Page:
Wednesday, May 5, 2021

Matt Sweeney and Bonnie “Prince” Billy - Superwolves


On their second album together, Superwolves, Matt Sweeney and Will Oldham (Bonnie “Prince” Billy) have made what they are describing as a sequel to their first, Superwolf. About 16 years later, and in the middle of a pandemic, the album’s themes of love, terror and nature seem particularly timely. There is terrific chemistry between them, and echoes of each of their past work - Sweeney’s versatility and virtuosity are on display, as are Oldham’s ability to deliver both warmth and terror, sometimes in alternate lines. 

The overall impression of this album is of space. I think it would have been easy to stuff this album full of sounds, to drive everything forward and sort of overwhelm the listener. These two artists certainly have the talent to do that, and they clearly have a lot to say. But what’s really admirable is the way they let these songs stretch out and breathe. This allows some of Oldham’s vocals to echo, resound and provoke all kinds of thoughts and feelings. It also allows Sweeney to take his time with some of the guitar leads, delivering a stronger effect than would be the case with a lot of searing rock solos. Don’t get me wrong, this thing frequently rocks. For example, check out the roaring “Hall of Death”, sort of reminiscent of Richard Thompson’s work on Shoot Out the Lights:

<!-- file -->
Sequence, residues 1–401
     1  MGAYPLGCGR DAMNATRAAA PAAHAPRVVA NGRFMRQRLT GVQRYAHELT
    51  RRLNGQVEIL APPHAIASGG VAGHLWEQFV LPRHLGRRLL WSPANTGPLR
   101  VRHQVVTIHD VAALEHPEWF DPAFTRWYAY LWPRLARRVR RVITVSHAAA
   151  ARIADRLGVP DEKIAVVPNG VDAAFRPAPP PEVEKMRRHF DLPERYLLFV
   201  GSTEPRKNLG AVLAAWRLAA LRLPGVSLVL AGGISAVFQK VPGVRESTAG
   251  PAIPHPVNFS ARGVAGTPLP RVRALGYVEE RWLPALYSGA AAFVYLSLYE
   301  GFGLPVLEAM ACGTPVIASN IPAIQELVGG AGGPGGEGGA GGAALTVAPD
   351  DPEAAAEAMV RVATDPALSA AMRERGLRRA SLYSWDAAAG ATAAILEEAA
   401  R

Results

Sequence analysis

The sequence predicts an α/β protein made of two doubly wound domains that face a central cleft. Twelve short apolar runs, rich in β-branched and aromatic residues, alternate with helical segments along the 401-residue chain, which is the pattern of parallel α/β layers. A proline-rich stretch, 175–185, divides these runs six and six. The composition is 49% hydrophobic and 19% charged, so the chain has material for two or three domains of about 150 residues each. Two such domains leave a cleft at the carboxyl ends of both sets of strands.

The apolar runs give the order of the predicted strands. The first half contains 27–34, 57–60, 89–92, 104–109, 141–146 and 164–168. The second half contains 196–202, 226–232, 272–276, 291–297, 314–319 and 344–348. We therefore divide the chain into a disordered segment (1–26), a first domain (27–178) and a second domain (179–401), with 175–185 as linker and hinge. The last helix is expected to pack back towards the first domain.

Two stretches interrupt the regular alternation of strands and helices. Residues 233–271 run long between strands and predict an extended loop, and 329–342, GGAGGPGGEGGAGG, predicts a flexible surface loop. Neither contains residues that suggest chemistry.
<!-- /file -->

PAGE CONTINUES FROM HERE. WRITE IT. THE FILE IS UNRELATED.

That is Tuareg guitarist Mdou Moctar playing with Sweeney on “Hall of Death”. Elsewhere, Sweeney supplies intricate acoustic work, as several of the tunes take a gentler folk turn. Here is “My Blue Suit”, a song about - well, what, exactly? - the humility and freedom inherent in acknowledging your betters?



Maybe it’s just an observation he made one day when his wife tried on his suit, but it sounds like more than that. As do most of these songs. Even when Oldham is singing a sort of lullaby like “Resist the Urge”, there is a lot going on. It’s a tremendously affecting song that depends on some wonderful interplay between Sweeney’s delicate acoustic work and Oldham’s mournful yet hopeful vocal.

This is a terrific record, and will continue to reveal itself for quite some time to come. It’s out now (4/30) on Drag City Records.

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